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Rufus, Jay, Mary, Catherine, Grampa Follet, Ralph, and a few other aunts and uncles set off to see Rufus's Great-Great-Grandmother Follet. They all pack into the Ford, with Jay driving. They have not been to the old woman's house in over a decade; though Ralph claims to know the way, he has trouble remembering directions. Jay says that their great-great-grandmother was born in 1812 or so, making her 103 or 104 years old. Mary is amazed, telling Rufus that means Abraham Lincoln was only two or three years old when Great-Great-Grandmother Follet was born.
Finally they reach a huge, square, gray log cabin and see two women sitting on the porch. One of them is Great-Aunt Sadie, who lives with Great-Great- Grandmother Follet. Sadie tells them that the old woman will be especially happy to see Rufus, because he is the first fifth-generation grandchild. Sadie walks over to the old woman and tells her she has company, but she makes no sign of hearing Sadie's words. Sadie explains that Great-Great-Grandmother Follet cannot really speak anymore.
Jay leans down and tells the old woman who he is, and she makes a dry, croaking noise. Sadie says that she reckons that the old woman knows who he is. Then they urge Rufus to go over, and he approaches her and says "Granmaw, I'm Rufus." He looks right into her eyes, and she into his, but for Rufus it is like looking into pieces of glass. Then he leans forward again and says, "I'm Jay's boy Rufus." Great-Great-Grandmother Follet grasps his shoulders and begins "smiling so hard that her chin and her nose almost touched and deep little eyes giggled for joy. When at length they disengaged her hands and Rufus was at a little distance, he could see a stream of liquid under her chair. Nobody said anything about it."
The narrative launches into a different family memory. Late one afternoon, Uncle Ted and Aunt Kate come to visit all the way from Michigan. They bring Rufus a book. They are not really his uncle and aunt; they are very distant relatives but close friends. They take a train to go see mountains that Jay refers to as the "Smokies." Mary wakes Kate up so she can see them too, but she quickly falls back asleep. Mary says that Kate is just like little Catherine, and they all begin to laugh until little Catherine's face gets red and it seems as though she will cry.
That night at supper, Rufus asks for more cheese and Ted says that if Rufus whistles, the cheese will jump off the table into his lap. Rufus tries it and it does not work. Ted tells him to try harder, and Rufus tries harder and still the cheese does not move. Then Mary gets angry with Ted for deceiving a small boy, and Ted says he is only joking and that Rufus has got to learn common sense. This comment makes Mary even angrier. She maintains that she thinks the joke is in poor taste, and even Jay cannot convince her otherwise.
Rufus's encounter with his great-great-grandmother is a moving scene in a number of ways. Rufus is glad when the old woman finally smiles and takes him by the shoulders, and we thinks it is a wonderful moment of recognition both for the her and Rufus. However, when Rufus stands back, he realizes that during the encounter the old lady is urinating. The fact that she may only have been smiling because of this crude bodily function makes us wonder whether or not she actually recognizes Rufus at all. The narrative leans toward the fact that the old woman is merely expressing relief at urination, as there is no further resolution after the encounter: the scene ends with Rufus noticing the liquid trickling under her chair.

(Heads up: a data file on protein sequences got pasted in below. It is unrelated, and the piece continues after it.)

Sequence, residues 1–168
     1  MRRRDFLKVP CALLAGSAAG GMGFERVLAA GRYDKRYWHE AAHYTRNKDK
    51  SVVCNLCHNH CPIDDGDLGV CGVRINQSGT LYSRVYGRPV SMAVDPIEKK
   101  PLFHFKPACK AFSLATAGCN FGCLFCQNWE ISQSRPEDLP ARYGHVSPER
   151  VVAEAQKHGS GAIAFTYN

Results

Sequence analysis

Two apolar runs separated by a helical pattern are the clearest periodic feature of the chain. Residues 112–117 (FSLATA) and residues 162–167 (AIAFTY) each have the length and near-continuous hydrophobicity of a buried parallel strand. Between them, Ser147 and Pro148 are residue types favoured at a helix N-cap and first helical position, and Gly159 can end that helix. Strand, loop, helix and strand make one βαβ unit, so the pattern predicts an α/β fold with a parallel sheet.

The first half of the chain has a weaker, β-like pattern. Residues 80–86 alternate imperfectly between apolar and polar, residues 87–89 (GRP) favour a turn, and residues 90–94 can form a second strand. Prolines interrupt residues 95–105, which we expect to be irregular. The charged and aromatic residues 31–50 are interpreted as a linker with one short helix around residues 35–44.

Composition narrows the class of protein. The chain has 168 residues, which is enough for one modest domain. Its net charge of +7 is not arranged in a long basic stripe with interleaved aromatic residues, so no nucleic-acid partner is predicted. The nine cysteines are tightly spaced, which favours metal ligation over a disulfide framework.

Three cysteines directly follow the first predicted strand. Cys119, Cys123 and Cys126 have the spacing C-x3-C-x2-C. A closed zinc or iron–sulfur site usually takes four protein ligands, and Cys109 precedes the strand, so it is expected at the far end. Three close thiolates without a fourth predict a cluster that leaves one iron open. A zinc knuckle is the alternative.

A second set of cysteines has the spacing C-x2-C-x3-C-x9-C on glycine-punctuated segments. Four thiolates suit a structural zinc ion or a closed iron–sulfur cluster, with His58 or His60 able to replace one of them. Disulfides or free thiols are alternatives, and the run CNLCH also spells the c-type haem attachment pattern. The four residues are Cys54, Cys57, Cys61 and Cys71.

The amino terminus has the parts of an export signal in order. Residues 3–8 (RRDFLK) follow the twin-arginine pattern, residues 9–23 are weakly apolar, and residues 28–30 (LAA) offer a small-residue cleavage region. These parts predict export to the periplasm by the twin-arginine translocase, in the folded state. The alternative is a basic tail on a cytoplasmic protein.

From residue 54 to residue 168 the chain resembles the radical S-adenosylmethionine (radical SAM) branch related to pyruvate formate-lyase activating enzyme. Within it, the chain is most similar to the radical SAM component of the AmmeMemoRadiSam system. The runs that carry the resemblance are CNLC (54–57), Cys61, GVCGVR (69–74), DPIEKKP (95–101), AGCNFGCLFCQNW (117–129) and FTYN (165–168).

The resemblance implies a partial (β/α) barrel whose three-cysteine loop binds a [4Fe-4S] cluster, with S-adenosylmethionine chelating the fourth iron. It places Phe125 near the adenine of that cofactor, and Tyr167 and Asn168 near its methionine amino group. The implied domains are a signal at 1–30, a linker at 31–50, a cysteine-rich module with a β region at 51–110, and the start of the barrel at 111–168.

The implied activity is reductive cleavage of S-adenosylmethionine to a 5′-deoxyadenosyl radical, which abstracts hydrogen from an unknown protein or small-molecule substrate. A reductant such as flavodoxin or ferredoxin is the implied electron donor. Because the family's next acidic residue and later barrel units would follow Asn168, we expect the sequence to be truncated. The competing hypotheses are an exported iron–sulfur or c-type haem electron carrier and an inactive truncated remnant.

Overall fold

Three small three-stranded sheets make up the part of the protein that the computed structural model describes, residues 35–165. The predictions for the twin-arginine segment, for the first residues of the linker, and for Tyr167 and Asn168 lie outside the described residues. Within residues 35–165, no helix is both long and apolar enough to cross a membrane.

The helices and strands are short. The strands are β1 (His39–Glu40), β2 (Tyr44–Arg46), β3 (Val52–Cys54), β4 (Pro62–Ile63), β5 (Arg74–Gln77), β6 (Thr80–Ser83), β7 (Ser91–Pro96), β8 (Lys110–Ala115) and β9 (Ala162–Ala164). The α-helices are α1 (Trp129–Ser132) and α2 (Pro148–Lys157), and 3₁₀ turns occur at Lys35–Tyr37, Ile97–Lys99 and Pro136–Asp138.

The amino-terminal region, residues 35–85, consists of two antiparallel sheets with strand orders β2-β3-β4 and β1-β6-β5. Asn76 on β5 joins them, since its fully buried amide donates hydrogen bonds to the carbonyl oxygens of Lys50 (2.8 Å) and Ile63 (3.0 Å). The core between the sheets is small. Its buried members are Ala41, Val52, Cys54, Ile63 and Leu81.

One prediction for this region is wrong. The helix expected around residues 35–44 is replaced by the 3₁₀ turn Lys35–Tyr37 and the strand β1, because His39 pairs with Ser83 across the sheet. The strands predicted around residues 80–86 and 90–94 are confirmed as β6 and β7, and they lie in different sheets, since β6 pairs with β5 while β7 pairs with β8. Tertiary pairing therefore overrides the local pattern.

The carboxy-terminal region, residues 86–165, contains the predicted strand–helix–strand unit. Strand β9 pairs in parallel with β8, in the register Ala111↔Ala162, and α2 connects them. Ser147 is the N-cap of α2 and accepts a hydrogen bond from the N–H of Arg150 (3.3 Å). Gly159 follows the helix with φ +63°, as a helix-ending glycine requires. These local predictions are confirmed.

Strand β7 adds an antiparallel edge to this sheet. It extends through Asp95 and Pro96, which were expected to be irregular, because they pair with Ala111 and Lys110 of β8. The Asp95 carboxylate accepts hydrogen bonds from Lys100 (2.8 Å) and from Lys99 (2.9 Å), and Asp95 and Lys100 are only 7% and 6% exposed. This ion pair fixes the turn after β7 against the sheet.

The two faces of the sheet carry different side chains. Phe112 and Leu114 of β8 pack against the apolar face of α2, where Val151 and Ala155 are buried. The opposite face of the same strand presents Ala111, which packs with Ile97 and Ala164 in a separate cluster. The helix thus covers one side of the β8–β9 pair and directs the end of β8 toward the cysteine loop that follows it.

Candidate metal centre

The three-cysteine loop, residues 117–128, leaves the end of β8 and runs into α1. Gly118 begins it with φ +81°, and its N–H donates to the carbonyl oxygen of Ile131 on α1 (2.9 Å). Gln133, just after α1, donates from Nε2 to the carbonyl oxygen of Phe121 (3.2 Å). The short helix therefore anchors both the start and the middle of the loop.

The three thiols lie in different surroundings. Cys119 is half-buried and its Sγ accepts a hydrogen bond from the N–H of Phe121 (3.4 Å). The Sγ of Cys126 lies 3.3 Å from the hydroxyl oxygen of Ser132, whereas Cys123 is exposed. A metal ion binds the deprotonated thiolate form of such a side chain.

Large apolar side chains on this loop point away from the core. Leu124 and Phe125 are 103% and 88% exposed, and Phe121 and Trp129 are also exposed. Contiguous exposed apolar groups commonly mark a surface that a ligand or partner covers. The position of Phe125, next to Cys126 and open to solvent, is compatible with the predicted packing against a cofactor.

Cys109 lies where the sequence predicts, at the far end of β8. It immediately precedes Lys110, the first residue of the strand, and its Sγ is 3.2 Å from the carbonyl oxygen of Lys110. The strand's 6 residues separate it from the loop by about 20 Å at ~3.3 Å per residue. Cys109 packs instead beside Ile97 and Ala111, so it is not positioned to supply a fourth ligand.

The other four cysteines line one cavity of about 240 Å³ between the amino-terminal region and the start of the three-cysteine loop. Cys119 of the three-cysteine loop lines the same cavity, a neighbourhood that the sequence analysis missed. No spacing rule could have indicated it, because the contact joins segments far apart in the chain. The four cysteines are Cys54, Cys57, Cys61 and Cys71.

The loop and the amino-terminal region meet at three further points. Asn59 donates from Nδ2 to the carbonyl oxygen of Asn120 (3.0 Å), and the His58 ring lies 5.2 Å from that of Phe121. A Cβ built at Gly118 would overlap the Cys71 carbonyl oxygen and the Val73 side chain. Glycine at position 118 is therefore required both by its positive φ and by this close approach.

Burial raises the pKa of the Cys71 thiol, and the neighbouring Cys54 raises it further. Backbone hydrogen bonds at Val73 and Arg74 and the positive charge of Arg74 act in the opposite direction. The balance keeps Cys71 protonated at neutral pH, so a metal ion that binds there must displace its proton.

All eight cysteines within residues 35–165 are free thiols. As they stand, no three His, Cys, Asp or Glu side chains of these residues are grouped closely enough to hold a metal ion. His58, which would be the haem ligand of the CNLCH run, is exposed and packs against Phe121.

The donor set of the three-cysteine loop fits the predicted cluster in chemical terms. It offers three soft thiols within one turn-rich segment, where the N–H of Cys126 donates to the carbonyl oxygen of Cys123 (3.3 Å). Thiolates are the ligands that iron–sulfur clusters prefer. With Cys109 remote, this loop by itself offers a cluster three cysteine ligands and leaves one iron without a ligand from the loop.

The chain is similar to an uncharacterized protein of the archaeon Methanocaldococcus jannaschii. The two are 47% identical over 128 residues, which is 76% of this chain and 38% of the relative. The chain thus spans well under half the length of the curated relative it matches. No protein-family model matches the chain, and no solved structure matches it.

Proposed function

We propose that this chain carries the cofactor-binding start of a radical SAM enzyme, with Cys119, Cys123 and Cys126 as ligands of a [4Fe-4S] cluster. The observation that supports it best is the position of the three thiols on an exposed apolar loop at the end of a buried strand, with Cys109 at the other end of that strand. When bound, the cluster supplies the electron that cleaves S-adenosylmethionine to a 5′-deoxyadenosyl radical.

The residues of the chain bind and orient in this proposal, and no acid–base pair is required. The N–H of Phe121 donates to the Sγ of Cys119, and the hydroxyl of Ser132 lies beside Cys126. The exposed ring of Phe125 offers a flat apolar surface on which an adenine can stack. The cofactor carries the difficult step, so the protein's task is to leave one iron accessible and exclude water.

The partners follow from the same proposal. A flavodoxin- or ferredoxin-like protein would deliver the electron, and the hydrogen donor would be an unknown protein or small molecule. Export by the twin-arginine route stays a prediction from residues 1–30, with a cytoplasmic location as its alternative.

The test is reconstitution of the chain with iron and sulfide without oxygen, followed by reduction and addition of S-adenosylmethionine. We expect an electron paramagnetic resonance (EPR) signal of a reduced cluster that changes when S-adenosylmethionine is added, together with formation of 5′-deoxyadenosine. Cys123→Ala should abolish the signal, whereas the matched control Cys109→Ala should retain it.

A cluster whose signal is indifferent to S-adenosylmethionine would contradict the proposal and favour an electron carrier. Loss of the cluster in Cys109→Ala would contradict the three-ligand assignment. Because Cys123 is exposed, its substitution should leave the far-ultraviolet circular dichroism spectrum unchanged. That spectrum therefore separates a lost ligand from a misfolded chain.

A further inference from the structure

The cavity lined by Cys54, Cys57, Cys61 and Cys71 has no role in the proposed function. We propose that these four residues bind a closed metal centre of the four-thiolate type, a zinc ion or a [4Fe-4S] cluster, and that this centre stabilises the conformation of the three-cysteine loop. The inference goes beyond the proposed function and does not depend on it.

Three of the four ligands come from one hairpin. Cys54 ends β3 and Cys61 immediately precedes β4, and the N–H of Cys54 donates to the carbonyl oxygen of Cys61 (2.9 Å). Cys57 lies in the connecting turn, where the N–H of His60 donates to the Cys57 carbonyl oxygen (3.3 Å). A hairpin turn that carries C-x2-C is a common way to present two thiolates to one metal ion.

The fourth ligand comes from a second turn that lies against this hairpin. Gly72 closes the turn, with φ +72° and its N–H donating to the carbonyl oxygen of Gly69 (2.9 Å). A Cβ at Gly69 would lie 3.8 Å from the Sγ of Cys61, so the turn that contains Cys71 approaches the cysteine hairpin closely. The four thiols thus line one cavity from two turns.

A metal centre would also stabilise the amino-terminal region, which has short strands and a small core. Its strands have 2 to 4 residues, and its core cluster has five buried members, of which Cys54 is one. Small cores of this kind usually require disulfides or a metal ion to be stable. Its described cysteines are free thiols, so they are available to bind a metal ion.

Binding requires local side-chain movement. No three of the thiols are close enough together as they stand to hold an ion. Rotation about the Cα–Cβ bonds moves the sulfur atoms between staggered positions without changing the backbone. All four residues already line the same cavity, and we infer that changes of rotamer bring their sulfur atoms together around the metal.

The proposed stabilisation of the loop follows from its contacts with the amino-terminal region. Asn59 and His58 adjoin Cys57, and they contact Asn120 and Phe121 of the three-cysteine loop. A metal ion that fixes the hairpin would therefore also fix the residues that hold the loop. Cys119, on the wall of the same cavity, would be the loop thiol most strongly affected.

Agee shows again that childhood is merely a construct by demonstrating that in extreme old age, humans are once again like infants. Agee suggests this idea starting with the curious line in the first section of italics in the novel: "so successfully disguised to myself as a child." The rest of the narrative supports the idea that children observe and experience life at least as accurately as—if not more accurately than—adults do. Agee repeatedly uses a child's perspective to relate events because a child's reaction is not shaped by the prejudices that characterize older people—a child is a clear mirror of existence as it occurs moment to moment. In the instance of meeting his great- great-grandmother, Rufus is the most effective narrator to use to describe the scene, as his reaction reflects the true ambiguity of the situation and highlights the poignancy of the possibility that he is, in a sense, more mature than the old woman.
The last memory described in this section—like the boys' teasing of Rufus on their way to school—again demonstrates Rufus' vulnerability. He honestly believes that the cheese will jump off the table, and he becomes frustrated and upset when his efforts have no effect. Mary, who is sensitive like Rufus is, gets upset at Ted for making fun of her son. The event illustrates a key personality difference between Mary and Jay: Jay is easygoing, while Mary is often high-strung.
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